Saturday, January 19, 2008

Sundance: It's the Filmmaking, Stupid

[Film Fest] People have a hard time distinguishing a good idea from a good movie.

It's easy for a professional film critic to knock the acumen of laypeople; it's like bashing a tax attorney for not knowing how to perform a hysterectomy. The difference is that average moviegoers think they can perform that metaphorical surgery. They know what they like, and they mistake that affection for a measure of filmmaking quality.

Young@Heart director Stephen Walker has a great subject: A Massachusetts-based choral group made up of senior citizens, whose repertoire consists entirely of punk, rock and blues songs. It’s also a subject that practically directs itself if you let it: You point your camera at a bunch of spunky septua-/octo-/nonagenarians belting out “I Wanna Be Sedated,” and let the “isn’t that cute” factor do all the heavy lifting. Everything the story has to offer – the shift in meaning of certain songs when performed by those facing mortality; the saucy energy of 92-year-old expatriate Brit Eileen Hall – has nothing to do with Walker’s facility with the material. And it’s hard not to look at the whole project as vaguely condescending, since with the exception of returning member Fred Knittle – who delivers a haunting version of Coldplay’s “Fix You” while hooked up to oxygen – no one really can sing a lick. They’re all full of life and fun, and that’s terrific, and there are some sad events, and that might make you cry. And the movie says nothing but that.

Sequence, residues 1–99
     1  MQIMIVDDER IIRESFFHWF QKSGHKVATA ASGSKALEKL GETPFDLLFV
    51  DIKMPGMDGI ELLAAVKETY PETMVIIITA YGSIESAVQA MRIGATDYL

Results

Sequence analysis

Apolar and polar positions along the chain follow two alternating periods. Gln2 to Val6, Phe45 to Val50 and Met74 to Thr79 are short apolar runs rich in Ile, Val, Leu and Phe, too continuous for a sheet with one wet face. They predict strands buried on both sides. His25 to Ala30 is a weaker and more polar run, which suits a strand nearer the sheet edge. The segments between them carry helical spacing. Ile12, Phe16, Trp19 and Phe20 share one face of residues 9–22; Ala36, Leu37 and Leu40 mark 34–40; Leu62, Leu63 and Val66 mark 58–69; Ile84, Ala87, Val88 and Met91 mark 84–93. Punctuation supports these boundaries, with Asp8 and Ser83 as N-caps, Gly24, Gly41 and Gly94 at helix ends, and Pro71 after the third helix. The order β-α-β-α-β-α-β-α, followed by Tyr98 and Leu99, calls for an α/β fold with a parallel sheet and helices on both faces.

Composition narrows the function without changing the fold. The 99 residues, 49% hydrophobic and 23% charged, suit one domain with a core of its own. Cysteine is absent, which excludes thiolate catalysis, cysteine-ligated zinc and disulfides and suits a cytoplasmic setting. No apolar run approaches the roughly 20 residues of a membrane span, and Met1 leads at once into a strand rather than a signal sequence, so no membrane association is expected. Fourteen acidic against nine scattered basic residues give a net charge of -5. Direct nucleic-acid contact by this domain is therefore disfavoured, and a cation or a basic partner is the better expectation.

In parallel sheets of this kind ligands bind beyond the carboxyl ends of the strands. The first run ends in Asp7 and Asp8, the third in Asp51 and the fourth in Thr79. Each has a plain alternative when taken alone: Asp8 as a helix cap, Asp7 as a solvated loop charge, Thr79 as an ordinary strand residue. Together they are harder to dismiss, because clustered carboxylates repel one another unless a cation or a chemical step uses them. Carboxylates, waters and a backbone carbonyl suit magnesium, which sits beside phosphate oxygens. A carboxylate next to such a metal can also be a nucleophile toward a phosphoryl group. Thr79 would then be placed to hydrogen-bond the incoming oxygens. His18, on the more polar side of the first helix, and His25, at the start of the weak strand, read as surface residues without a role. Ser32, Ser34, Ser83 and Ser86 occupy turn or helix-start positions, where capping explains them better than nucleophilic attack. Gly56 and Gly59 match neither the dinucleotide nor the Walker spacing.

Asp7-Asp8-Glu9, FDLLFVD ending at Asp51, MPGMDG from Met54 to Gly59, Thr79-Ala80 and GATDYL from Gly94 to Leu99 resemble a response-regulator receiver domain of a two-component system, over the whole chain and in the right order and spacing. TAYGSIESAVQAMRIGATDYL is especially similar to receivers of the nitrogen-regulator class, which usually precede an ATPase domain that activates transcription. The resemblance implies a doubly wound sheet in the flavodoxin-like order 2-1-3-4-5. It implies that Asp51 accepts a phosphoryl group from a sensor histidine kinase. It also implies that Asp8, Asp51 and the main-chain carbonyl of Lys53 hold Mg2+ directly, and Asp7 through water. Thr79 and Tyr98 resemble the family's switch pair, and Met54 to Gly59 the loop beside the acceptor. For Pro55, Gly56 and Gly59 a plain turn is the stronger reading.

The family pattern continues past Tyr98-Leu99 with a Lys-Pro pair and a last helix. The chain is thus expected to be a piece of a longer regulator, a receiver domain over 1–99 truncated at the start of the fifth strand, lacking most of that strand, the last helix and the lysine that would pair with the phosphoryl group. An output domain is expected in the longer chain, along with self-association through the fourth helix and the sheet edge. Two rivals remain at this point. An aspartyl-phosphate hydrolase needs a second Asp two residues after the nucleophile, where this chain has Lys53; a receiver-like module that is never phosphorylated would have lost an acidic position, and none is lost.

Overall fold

Compare that to what Marina Zenovich does with Roman Polanski: Wanted and Desired. Admittedly, she has the kind of subject that packed an early-morning press screening with movie writers: Revisiting the 1977-78 statutory rape case that sent the celebrated director into exile in France. But she’s done some hardcore reporting, and made stylistic choices that give her every revelation an added punch, whether of drama or (sometimes) comedy. Zenovich turns in not just a fascinating piece of talking-head cinematic journalism, but a real piece of filmmaking. (Scott Renshaw)

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